Tag Archives: Arnold Dorfman

Happy 100th, Betty Dorfman!

Tomorrow, Betty Dorfman turns 100 years old!.

Westporters with long memories remember her as part of the family that owned the Connecticut Yankee — a clothing store where ASF Sports is now.

But there’s much more to her life to celebrate.

Betty Rosalind Strauss was born in Brooklyn on January 12, 1922. She and her brother Sheldon were raised by a father who was left an invalid after World War I, and a strong mother who ensured her children the finest educational opportunities.

Betty attended New Utrecht High School in Brooklyn and then City College of New York, from which she graduated with a BA in business administration in 1941. She added an MS in 1945.

Betty married college sweetheart Arnold Dorfman in 1942. While Arnold served in the US Army during World War II, Betty taught high school. After the war they moved around a bit for Arnold’s retail business, and began to raise  daughters Merle and Wendy.

The family moved to Westport in 1955, where they opened their Connecticut Yankee store. Betty worked alongside Arnold there. So did her mother Estelle, who had then moved to Westport as well.

The Dorfman family, early 1950s.

Betty also became active in the Temple Israel Sisterhood, and served as president of the Fairfield County chapter of the National Council of Jewish Women.

After the Connecticut Yankee closed, Betty earning a 6th year professional diploma in education. She joined the University of Bridgeport as associate professor of secretarial studies in 1964.

Her career at UB was long and successful. Betty established and directed the nation’s first university-level word processing major. She shared her expertise with educators, publishers, and executives from around the country.

Betty was a stickler for the English language. She insisted that all secretarial students learned traditional English grammar and punctuation, and later taught journalistic style and usage to students in the Mass Communications Department.

Upon retirement in 1985, Betty was named associate professor emeritus by the UB Board of Trustees. Arnold suffered a serious stroke the following year, and she spent the next 6 years as caregiver. Arnold died in 1992.

Betty Dorfman, late 1990s.

During the next 2 decades Betty was an active member of Y’s Women, including co-chair of Trips and Travel for 10 years. She organized European excursions with co-chair Dorothy Coen.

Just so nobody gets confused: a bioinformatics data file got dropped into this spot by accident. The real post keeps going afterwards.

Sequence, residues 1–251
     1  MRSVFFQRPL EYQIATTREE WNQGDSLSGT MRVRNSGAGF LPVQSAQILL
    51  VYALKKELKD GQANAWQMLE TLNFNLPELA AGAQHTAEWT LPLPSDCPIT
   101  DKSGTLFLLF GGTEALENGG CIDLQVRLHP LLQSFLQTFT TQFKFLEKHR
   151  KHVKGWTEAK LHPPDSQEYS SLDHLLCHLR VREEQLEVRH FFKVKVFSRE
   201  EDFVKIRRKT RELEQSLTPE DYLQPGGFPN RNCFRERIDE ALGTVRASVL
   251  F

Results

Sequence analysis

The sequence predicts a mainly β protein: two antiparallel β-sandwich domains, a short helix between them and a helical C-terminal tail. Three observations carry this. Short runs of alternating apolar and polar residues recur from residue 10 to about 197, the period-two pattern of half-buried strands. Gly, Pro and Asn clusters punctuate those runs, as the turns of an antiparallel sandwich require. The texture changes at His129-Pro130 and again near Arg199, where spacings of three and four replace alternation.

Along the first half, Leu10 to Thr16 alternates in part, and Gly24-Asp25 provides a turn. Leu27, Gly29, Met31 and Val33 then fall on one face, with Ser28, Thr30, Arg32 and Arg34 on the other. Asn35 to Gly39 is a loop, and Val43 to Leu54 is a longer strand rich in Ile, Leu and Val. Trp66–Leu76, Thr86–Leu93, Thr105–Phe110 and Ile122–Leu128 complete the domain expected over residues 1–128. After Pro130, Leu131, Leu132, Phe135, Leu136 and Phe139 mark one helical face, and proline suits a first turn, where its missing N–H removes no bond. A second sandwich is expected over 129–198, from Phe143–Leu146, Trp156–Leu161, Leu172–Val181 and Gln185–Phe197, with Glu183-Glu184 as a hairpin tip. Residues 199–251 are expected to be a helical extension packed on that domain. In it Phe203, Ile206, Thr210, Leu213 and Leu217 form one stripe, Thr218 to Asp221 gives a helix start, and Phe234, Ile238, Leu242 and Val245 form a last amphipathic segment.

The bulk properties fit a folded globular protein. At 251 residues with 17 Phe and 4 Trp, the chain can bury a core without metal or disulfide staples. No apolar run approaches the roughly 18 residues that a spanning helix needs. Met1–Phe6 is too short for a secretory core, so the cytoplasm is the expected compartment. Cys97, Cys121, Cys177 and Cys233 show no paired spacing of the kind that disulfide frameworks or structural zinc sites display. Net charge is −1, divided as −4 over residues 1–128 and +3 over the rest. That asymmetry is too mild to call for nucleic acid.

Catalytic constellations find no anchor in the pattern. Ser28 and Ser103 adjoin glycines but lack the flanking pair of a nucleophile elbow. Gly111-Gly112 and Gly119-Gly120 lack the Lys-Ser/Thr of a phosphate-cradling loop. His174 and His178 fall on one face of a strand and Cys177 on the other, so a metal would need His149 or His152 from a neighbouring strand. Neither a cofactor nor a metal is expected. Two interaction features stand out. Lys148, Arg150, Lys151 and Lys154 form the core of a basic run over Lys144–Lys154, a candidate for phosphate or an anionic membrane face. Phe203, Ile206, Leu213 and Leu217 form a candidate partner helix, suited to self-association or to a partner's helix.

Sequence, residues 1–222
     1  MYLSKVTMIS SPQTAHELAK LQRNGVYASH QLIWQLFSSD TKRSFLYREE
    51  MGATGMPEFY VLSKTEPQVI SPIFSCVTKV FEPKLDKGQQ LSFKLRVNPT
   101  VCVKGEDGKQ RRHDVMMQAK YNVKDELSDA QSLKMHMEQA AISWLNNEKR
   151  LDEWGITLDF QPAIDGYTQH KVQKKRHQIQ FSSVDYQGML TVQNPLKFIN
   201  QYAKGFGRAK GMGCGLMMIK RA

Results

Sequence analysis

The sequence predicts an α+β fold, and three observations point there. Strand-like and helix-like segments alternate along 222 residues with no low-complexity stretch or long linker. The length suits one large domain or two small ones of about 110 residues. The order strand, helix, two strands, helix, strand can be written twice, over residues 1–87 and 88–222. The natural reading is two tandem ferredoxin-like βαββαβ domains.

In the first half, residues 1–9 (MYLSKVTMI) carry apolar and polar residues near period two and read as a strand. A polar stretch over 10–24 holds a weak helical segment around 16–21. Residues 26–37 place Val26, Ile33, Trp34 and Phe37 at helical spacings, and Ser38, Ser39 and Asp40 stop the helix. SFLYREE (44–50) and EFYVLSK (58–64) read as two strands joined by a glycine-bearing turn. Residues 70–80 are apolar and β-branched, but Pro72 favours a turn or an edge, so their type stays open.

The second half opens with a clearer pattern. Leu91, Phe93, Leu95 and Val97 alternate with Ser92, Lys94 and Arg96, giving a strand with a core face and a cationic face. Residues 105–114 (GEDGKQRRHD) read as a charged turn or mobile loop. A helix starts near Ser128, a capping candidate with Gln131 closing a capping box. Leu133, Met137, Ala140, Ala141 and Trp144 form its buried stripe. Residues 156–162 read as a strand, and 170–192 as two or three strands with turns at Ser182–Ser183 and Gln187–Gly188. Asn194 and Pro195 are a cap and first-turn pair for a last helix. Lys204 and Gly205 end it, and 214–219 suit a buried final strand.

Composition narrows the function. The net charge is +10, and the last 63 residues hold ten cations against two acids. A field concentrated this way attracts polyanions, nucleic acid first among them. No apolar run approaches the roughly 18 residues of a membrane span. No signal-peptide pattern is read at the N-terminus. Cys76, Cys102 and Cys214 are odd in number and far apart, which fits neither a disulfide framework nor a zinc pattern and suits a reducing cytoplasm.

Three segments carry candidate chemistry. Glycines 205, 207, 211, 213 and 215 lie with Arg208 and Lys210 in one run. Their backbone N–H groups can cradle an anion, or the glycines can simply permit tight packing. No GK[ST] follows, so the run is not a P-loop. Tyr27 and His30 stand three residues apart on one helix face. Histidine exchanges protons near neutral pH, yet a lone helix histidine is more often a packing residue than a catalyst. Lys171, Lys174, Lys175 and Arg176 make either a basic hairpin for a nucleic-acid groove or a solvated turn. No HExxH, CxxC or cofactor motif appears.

She enjoyed playing bridge and taking classes at the Senior Center. Betty alao had a rewarding 10-year relationship with fellow Westporter Max Levinson. They had been couples friends for years. Max’s wife Eve had died a year after Arnold.

Betty moved to independent living at Meadow Ridge in 2012, where she remained active as chair of the Activities Committee. She moved into assisted living there in 2018, where she still resides.

Betty is delighted with the excellent care she receives and by her private part-time aide, Andrea Roudenis. She still gets her hair done every week, and appreciates comments about what an elegant woman she is even in her late 90s.

Although Covid has made it difficult for her family to visit recently, Betty is surrounded by a loving family. It includes daughter Merle Spiegel, who moved back to Westport in 1988; her daughter Kate Rosewood and husband Rich, and Betty’s great-granddaughters Vanessa and Fiona.

Betty’s other daughter, Wendy Roberts, has lived in Virginia most of her adult life but visits regularly, even during the pandemic. Wendy has 2 daughters: Jenn Roberts Ma, who lives in Virginia with husband Roger and Betty’s great-grandson Owen; and Amanda Pierson, who lives in Houston with husband Gene and Betty’s great-grandsons Robbie and Bennett. All keep in regular touch with Betty by phone and FaceTime, when not able to visit.

4 generations, 2021.

Betty’s family says she is “beloved for her sharp wit, deep intellectual curiosity, kindness, fierce loyalty to friends and family, and impeccable elegance. Hers is a life well lived – and an inspiration to those who know and love her.”

Happy 100th, Betty!